Breathing new life into the first redbrick university to create a new destination for Liverpool.
Designed by the eminent architect Alfred Waterhouse in 1892, the Victoria Building was the first in the University of Liverpool’s estate. Its highly detailed, decorative style gave rise to the term ‘redbrick university’, but when the university had outgrown its confines and moved many of its functions elsewhere, the grand old building became underused and undervalued.
Led by Professor Kelvin Everest, the University wanted to bring the building back to life to house their collections and provide space for the Educational Opportunities Department, whose purpose is to encourage and support those who traditionally would not have considered going to university. They wanted the space to be opened up to the people of Liverpool and create a new visitor attraction to coincide with the city’s status as the European Capital of Culture in 2008.
Our challenge was to take this magnificent but tired building, unsuitable for modern teaching function, and transform it into a new gallery and museum, providing full public access for the first time. It had no disabled access or lifts to upper floors, but being Grade II listed, we needed to work with the Victorian Society to bring the building into the 21st century.
The starting point for our refurbishment was to make the most of Waterhouse’s stunning interiors as the backdrop for the new facilities. Through careful refurbishment, they are now visible to the wider public for the first time in the building’s history.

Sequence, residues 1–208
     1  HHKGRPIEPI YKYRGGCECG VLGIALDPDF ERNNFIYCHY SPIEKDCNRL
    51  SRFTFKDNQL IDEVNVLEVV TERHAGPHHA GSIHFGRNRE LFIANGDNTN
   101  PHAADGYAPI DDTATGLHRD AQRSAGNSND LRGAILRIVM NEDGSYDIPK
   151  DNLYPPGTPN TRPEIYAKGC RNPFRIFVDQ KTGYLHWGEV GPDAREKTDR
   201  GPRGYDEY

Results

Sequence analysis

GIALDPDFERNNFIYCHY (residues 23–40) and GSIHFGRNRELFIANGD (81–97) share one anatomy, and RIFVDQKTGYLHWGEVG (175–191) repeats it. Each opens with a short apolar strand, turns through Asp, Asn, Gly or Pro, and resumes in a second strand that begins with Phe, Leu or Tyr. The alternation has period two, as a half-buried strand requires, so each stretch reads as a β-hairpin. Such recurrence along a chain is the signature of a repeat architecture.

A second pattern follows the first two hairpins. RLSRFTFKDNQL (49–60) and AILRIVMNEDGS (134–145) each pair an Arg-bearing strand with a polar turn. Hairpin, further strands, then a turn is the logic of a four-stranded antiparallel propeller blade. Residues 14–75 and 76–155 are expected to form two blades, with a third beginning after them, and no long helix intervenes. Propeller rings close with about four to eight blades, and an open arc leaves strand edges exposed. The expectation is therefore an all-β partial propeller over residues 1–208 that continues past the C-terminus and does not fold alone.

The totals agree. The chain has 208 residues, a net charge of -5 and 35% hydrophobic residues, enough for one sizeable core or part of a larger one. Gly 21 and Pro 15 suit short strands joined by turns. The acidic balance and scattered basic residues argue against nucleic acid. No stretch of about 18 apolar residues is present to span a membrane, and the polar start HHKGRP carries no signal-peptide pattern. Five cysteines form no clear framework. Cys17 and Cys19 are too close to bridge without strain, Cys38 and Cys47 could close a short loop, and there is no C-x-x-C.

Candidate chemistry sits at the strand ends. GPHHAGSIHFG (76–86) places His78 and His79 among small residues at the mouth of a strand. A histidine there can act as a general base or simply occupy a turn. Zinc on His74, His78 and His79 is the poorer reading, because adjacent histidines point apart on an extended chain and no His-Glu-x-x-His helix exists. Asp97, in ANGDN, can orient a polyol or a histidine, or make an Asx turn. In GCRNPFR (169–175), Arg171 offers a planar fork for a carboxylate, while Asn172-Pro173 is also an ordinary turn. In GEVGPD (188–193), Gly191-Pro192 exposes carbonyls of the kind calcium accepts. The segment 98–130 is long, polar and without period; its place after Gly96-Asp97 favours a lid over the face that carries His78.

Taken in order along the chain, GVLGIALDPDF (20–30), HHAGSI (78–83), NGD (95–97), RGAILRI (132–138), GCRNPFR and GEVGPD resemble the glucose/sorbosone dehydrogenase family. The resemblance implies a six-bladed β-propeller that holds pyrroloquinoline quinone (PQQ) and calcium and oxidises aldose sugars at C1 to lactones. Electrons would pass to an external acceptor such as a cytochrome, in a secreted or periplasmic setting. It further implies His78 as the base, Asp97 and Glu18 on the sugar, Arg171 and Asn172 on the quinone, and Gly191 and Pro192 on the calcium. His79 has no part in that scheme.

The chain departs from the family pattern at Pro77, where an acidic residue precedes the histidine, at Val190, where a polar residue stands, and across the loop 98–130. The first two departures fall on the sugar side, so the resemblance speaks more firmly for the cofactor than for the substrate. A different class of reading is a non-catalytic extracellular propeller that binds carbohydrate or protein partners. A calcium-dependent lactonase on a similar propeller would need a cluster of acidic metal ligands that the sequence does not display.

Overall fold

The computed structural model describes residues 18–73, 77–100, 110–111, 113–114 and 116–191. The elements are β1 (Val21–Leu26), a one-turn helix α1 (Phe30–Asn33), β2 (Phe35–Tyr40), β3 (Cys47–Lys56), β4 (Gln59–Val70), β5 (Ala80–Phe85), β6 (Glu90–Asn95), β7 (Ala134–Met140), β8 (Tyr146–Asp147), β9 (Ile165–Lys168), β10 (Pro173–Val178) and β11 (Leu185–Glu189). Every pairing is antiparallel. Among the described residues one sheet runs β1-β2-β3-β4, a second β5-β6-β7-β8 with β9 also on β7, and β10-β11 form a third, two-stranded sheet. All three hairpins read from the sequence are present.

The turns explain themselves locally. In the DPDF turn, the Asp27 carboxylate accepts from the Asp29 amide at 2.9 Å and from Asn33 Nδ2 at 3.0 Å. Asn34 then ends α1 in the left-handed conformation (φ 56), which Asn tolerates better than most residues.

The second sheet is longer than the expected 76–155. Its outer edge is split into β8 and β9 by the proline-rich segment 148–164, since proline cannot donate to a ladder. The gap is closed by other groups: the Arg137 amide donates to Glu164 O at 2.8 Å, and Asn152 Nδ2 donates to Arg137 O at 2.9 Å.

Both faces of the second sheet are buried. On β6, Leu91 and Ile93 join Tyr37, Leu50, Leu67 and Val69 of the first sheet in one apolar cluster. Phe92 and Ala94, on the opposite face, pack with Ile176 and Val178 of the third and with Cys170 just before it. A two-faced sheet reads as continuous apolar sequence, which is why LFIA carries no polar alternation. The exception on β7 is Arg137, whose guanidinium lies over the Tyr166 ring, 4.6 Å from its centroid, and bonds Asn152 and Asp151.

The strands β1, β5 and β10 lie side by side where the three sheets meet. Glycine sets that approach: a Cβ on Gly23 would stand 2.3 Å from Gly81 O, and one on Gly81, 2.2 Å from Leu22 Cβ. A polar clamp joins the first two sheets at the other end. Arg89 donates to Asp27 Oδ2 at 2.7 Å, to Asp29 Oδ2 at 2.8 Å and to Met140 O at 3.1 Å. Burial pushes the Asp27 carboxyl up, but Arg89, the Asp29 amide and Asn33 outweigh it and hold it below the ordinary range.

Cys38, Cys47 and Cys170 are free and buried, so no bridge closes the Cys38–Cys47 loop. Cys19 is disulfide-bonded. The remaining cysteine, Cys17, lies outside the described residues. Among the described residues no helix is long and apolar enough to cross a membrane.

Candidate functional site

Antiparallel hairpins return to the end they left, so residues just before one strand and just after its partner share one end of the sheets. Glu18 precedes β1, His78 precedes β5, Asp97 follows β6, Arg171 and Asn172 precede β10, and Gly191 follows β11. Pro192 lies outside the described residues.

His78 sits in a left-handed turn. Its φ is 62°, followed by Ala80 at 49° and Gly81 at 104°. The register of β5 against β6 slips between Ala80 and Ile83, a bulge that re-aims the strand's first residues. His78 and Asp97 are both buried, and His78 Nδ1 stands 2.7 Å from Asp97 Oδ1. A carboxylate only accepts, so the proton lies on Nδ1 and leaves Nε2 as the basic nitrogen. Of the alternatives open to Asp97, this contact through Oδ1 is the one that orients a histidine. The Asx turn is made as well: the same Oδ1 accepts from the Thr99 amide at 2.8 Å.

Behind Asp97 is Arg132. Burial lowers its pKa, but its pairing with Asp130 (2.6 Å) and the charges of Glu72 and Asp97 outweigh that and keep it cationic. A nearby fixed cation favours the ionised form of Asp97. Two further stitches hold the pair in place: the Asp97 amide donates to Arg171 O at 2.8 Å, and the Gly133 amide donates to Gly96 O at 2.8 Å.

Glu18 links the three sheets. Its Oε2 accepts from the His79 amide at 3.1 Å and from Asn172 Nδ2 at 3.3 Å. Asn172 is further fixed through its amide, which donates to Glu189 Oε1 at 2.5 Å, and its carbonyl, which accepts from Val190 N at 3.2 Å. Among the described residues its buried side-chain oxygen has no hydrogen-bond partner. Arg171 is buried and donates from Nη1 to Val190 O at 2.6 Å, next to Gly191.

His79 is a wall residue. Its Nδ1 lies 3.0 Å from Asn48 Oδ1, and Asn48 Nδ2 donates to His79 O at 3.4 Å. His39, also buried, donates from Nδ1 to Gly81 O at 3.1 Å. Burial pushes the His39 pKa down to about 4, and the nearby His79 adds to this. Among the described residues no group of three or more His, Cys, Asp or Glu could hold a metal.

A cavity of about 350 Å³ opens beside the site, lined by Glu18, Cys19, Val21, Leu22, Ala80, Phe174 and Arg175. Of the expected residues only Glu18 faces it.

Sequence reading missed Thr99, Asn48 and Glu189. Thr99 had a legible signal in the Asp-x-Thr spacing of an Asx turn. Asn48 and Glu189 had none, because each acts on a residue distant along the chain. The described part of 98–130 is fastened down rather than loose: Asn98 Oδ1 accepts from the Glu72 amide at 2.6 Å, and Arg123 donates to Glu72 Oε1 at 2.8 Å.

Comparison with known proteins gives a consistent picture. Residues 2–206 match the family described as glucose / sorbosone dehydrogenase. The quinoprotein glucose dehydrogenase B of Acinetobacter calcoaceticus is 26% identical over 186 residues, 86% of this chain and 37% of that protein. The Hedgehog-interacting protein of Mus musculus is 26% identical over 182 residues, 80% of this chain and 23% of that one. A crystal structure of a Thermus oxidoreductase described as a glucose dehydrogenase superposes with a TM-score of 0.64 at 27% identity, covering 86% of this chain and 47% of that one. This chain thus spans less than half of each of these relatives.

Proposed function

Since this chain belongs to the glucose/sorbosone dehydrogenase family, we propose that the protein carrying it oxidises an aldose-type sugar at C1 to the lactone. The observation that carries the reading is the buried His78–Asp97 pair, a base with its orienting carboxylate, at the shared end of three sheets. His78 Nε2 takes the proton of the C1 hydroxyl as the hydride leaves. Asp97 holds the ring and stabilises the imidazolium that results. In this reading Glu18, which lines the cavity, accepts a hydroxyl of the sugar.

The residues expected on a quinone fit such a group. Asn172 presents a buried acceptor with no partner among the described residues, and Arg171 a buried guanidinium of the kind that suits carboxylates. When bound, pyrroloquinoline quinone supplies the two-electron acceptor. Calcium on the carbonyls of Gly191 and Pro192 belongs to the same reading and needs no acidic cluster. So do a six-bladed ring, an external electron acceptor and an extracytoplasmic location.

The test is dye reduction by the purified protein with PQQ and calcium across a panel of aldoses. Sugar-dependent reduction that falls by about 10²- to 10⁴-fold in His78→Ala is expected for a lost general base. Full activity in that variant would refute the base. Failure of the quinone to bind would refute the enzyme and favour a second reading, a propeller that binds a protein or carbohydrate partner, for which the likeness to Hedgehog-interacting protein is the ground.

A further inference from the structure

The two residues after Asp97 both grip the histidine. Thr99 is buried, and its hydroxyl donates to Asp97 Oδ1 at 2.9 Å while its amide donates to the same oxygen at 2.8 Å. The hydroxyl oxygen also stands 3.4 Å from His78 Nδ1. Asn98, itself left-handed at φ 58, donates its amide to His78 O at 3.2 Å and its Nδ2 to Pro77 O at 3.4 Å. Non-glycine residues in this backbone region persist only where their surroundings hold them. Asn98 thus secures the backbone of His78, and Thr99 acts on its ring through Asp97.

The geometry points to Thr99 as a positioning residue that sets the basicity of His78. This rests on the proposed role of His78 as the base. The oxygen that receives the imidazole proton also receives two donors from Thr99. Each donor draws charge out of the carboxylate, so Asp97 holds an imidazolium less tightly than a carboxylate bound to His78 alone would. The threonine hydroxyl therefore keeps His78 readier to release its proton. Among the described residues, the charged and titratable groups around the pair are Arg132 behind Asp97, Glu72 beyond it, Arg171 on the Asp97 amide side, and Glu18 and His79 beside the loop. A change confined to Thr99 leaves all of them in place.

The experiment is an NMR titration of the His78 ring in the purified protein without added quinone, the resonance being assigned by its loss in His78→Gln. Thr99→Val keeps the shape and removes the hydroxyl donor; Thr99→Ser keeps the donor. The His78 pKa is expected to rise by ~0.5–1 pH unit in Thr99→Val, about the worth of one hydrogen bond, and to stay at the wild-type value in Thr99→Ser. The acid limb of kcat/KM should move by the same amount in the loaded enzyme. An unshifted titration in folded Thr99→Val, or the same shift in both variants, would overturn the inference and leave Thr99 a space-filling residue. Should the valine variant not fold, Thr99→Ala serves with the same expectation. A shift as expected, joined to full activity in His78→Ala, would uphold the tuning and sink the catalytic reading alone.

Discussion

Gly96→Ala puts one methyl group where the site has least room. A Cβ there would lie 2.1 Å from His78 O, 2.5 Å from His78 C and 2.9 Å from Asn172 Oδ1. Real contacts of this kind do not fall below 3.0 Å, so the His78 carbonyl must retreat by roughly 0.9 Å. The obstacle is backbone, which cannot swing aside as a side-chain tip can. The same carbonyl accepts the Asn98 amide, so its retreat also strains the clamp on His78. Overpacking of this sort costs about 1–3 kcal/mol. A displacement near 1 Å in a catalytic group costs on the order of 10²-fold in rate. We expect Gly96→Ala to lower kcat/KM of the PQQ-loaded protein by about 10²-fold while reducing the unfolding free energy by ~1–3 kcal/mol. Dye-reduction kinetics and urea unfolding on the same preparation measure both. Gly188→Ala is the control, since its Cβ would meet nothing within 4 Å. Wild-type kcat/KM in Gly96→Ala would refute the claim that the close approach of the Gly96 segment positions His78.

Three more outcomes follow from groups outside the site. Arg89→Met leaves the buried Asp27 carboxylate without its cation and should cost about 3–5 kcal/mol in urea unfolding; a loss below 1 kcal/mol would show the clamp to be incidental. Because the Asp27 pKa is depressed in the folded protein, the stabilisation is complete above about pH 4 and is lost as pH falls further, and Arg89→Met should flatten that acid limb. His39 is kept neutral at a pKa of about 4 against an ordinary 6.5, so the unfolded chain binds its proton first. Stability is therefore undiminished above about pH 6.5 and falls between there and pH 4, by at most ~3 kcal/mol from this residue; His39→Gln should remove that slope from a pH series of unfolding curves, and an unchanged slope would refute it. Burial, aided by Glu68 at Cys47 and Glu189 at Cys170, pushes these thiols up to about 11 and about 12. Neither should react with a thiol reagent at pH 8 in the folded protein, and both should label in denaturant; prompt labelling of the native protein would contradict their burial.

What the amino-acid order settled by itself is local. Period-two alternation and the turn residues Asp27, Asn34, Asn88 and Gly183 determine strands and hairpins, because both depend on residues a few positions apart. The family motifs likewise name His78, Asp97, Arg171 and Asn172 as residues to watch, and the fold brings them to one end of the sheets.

The Tate Hall, the original university library with lofty ceilings and timber beams on the second floor, is now home to the university’s collection of historic artefacts, whilst art is also exhibited on the first floor. The Leggate Theatre, a semi-circular lecture hall, has been restored and improved to host meetings, public lectures and music events. New offices for the Educational Opportunities Department are on the ground floor, providing an important resource to encourage people of all ages and backgrounds to study.
We made series of sensitive interventions to make the building more accessible. Firstly, we relocated the main entrance away from the busy and polluted Brownlow Hill into the heart of the campus. From here, visitors can pass into the new reception space, shop and café with level access across the ground floor. A glazed passenger lift also provides access to upper floors for the first time.
Externally, there was very little we needed to do to the building. The only ailing element was the impressive clock tower, which vies for attention with Liverpool’s two famous cathedrals on the city’s skyline. This was fully restored – establishing the Victoria Building as a Liverpool landmark once more.